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First sketch: M42 with my 8" newtonian

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#1 Vincent Becker

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Posted 04 February 2009 - 11:14 AM

Hello,

After more than a year practising astrophotography with my DSLR, I discover the world of sketching with my new 8" string telescope. Here is my first sketch, the great Orion nebula, as seen through a 17mm HighLight Plössl last week:

Posted Image

It was made with a pencil on white paper then scanned and reversed.

Best regards,

#2 rodelaet

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Posted 04 February 2009 - 03:22 PM

Vincent,

Bienvenue! at the forum.

Wow! :shocked: Excellent sketch of M42. Your sketch shows a real sense of depth. Bravo! :bow: :jump: :bow:

Do you have a dark observing site?

#3 Vincent Becker

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Posted 04 February 2009 - 03:37 PM

Thank you very much!

My observing site is reasonably dark, but less so since the mayor of the city (1500 inhabitants) decided to light the streets like the Champs Elysées...

The sketch section of your website is quite impressive!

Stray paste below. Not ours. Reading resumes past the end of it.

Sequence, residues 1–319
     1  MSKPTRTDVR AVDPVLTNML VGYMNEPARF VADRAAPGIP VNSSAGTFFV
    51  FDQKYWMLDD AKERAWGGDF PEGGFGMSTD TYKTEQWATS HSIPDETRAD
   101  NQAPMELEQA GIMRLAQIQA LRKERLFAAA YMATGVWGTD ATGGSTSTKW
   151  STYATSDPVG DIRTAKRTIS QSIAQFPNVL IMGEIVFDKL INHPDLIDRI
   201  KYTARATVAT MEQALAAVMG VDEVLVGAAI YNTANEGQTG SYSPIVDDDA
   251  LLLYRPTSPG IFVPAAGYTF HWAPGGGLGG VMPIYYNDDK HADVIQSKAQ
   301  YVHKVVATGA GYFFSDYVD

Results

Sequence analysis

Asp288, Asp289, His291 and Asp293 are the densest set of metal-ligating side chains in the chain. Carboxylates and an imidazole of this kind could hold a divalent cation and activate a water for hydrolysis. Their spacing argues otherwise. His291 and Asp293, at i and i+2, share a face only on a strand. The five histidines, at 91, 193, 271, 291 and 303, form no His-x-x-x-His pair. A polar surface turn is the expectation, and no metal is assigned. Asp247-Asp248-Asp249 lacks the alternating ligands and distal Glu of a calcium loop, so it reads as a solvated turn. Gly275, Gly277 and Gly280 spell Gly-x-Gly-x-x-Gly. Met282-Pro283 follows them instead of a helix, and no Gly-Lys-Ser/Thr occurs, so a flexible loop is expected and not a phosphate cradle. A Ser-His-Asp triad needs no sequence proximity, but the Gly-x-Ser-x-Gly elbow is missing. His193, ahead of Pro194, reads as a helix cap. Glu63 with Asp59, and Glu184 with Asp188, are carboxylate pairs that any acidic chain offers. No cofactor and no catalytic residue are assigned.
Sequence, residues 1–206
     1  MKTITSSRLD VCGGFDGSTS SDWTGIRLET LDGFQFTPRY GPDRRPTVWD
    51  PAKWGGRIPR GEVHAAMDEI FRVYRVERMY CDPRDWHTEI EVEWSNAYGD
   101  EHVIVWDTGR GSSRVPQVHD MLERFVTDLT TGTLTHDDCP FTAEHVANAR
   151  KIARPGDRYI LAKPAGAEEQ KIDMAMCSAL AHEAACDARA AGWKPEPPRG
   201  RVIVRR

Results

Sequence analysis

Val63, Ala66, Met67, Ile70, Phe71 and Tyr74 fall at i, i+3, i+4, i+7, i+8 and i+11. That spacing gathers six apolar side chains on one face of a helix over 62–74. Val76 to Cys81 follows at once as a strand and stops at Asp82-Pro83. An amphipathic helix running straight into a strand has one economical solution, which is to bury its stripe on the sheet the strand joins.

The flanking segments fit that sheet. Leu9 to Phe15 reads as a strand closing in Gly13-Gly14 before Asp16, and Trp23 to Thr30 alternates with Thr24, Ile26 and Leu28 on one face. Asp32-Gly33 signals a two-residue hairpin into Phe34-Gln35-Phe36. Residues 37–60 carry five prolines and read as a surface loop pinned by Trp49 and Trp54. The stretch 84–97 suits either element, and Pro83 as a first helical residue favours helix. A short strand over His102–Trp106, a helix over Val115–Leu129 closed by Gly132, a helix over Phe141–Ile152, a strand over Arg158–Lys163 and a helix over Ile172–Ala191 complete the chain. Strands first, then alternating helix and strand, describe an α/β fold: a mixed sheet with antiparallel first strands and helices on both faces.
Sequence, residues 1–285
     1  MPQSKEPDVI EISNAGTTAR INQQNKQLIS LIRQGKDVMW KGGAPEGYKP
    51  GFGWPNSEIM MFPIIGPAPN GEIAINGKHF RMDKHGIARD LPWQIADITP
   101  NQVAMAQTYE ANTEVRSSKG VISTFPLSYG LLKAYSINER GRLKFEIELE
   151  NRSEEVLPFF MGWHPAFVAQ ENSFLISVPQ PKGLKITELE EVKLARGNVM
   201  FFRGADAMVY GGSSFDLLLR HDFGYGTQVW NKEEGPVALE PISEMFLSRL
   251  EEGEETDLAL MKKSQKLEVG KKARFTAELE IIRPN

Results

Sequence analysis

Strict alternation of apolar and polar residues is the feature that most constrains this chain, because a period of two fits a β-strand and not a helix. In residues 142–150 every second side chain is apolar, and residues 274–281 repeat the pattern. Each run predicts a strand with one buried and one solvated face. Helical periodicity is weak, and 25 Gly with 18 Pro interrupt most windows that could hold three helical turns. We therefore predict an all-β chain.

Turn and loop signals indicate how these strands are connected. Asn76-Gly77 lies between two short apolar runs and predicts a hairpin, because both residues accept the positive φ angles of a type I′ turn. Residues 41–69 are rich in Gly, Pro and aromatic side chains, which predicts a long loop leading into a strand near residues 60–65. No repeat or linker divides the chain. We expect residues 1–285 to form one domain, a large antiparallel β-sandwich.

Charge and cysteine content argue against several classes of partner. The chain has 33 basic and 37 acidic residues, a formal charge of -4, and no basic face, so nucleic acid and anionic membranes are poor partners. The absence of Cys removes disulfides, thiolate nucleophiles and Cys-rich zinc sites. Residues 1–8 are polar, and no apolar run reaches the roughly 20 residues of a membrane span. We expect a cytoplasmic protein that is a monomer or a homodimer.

I understand that you use red light instead of green? Is it better?

#4 rodelaet

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Posted 04 February 2009 - 04:03 PM

Vincent,

The idea of the red light :

The human eye has a dual vision : rods and cones which are placed on the retina. For our night (and averted) vision, we rely on the sensitivity of the rods. They are most sensitive for green light, but not for red light. When we read and write we use the cones, in the center of our field of view. With the proper deep red light, we can sketch and take notes without ruining the night adaptation of the rods.

UHC and deep sky filters are developped for the same reason. They pass mostly small bandwidths of green light, cause rods are very sensitive to it.

H-Alpha filters (passing red bandwidths) are usefull for observing the sun, but have no visual application for deep-sky. The dark adapted retina is not very sensitive for red light.

This is the general theory. I know that some people like a faint green light better than a red light.

Why not try it out and see how it goes.

Clear skies,

#5 Vincent Becker

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Posted 04 February 2009 - 04:07 PM